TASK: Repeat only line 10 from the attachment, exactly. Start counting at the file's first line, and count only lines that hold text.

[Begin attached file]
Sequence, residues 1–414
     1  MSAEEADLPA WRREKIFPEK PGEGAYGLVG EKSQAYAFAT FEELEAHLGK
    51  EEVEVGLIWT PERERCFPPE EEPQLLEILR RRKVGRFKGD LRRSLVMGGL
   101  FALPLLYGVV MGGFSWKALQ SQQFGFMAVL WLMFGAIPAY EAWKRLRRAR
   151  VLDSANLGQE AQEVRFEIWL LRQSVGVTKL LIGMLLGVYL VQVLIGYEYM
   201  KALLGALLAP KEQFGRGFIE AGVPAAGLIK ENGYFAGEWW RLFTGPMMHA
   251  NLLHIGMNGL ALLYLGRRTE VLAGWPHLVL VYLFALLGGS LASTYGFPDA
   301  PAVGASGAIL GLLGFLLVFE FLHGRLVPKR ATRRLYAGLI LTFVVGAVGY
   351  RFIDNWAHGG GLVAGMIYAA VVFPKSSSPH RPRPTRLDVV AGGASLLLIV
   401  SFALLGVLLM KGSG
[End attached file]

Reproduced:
   401  SFALLGVLLM KGSG